Senate OKs bill outlawing 911 hoax [Rep-Am]

May 5, 2017

‘Swatting’ will be a felony

Article as it appeared in the Republican-American

HARTFORD – State lawmakers on Wednesday moved to crack down on hoaxers who make false emergency calls to trigger large responses.

The Senate voted 34-0 to approve legislation to make “swatting” a felony in Connecticut that carries a maximum punishment of five years in prison.

“Swatting” is falsely reporting an emergency such as a home invasion, an active shooter or a hostage situation to get law enforcement or emergency personnel to respond immediately to a location where no emergency exists.

According to the Connecticut Intelligence Center, there have been 61 incidents of swatting since January 2015. The center is a collaboration of local, state and federal partner agencies.

In the Senate debate, Sen. Kevin D. Witkos, R-Canton, recounted a swatting incident last summer at Burr Pond State Park in Torrington that partly inspired him to propose the changes to state law.

At this time, swatting technically is not a crime in Connecticut, but anyone caught creating a false incident could be charged with several crimes, including misusing 911, breach of peace, threatening and falsely reporting a death.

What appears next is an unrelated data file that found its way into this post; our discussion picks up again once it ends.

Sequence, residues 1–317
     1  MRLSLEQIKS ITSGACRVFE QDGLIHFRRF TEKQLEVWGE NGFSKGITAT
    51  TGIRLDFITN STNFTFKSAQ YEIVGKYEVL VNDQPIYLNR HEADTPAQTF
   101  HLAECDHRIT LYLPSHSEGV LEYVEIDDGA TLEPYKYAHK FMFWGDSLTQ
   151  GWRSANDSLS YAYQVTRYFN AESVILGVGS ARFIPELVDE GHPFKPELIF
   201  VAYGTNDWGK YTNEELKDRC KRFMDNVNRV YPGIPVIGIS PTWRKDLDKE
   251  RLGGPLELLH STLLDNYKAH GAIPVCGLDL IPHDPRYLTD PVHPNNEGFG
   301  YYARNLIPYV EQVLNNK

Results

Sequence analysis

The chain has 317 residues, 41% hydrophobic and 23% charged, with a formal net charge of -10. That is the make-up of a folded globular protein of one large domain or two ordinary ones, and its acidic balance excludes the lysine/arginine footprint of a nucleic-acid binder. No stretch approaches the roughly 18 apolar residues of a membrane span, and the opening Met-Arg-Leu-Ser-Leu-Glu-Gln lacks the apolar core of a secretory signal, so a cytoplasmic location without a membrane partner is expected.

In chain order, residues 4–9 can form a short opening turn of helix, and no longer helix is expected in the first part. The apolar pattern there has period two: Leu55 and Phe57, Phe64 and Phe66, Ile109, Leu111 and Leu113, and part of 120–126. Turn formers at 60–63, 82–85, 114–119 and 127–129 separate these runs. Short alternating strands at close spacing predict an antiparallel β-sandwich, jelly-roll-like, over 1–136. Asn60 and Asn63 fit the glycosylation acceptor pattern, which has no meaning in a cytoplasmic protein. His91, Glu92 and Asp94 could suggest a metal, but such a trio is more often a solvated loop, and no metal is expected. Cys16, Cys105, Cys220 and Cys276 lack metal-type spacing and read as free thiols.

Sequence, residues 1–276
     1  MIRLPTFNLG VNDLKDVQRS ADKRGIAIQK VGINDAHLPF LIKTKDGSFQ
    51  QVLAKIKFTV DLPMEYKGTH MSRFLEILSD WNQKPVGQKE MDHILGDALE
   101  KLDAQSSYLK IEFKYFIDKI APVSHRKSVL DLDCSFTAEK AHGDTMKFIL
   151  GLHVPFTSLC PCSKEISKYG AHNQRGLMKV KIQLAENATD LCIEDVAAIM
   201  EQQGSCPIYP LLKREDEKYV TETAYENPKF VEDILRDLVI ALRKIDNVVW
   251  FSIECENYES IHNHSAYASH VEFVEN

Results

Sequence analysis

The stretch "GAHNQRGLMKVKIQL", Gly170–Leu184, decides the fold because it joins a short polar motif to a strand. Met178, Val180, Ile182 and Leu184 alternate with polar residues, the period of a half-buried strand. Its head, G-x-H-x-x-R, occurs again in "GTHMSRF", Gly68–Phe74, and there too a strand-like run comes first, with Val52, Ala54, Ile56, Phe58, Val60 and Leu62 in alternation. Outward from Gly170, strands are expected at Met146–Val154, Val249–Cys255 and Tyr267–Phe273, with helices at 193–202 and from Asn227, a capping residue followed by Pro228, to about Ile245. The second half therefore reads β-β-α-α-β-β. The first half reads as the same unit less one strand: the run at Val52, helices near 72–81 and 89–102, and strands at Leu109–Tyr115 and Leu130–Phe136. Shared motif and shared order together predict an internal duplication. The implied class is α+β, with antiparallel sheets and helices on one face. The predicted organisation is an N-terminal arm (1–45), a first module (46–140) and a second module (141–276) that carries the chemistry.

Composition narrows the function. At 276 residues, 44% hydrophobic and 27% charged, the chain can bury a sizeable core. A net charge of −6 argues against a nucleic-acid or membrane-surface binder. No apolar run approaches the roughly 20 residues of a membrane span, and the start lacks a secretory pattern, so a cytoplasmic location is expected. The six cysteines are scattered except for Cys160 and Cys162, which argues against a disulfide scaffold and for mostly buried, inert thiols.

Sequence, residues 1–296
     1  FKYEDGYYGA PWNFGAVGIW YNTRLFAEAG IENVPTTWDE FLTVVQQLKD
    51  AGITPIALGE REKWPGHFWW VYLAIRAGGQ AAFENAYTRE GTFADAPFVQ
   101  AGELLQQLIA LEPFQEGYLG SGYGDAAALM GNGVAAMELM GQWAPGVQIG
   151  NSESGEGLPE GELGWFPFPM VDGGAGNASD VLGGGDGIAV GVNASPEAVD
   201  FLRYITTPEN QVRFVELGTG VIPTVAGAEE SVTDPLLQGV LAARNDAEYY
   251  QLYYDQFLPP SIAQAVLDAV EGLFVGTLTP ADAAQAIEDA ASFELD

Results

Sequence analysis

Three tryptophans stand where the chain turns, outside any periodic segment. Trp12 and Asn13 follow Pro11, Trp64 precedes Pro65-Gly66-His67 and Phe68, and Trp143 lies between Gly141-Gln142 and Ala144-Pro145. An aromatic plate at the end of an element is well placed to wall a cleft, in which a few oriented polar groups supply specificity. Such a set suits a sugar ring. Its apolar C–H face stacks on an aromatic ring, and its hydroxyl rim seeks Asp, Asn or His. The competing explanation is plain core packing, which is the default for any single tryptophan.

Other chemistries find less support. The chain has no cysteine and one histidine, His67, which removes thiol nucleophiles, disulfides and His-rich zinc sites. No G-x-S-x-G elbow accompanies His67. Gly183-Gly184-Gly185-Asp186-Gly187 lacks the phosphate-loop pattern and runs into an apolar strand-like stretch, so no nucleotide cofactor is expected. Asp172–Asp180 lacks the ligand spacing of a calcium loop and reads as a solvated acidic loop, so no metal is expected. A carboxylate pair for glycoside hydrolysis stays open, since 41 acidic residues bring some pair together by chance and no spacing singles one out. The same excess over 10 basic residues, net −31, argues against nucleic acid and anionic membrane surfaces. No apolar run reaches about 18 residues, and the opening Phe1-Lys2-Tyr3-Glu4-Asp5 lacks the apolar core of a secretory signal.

The legislature’s budget office reported there were 28 arrests in the 2016 fiscal year for falsely reporting an incident. Of those cases, 23 were dismissed and plea bargains resolved the rest.

In the Burr Pond incident, a woman called 911 to report that her 3-year-old son had gone missing beneath shallow water, prompting a 3-hour search by more than 40 police officers and firefighters.

Police later found the mobile phone used to place the call in the women’s restroom at the state park. To date, no arrest has been made.

“Imagine if there was an unfortunate incident where somebody was injured in response to a scene like that,” said Witkos, a retired police officer and the second-ranking GOP leader in the Senate.

He noted the hoax call followed the real drowning of a 4-year-old boy at the park 10 days earlier.

The false drowning report also made regular visitors to Burr Pond State Park feel unsafe and uneasy, Witkos said.

In addition to creating a new crime, Senate Bill 26 authorizes state judges to order hoaxers to repay municipalities and the state for the costs of responding to false emergency calls. The response to the Burr Pond incident cost at least $2,700.

Swatting has been growing steadily since the FBI first issued warnings about it in 2008, following a case out of Washington state, where a teenager called police to say he had murdered someone but made it appear that the call came from the home of a married couple in California.

Nationwide, the FBI estimates there are 400 swatting incidents every year.

While some might consider swatting a prank, law enforcement and emergency responders say it is dangerous because it terrorizes victims, and places both victims and responders at risk.

Senate Majority Leader Bob Duff, D-Norwalk, said one of his constituents found a police SWAT team knocking on his door in the middle of the night after a hoax call about a possible murder at the home.

“He obviously had no idea what had happened,” he said, but the man and his son were brought down to the police department for questioning.

Senate Bill 26 next heads to the House for possible final action in the legislature.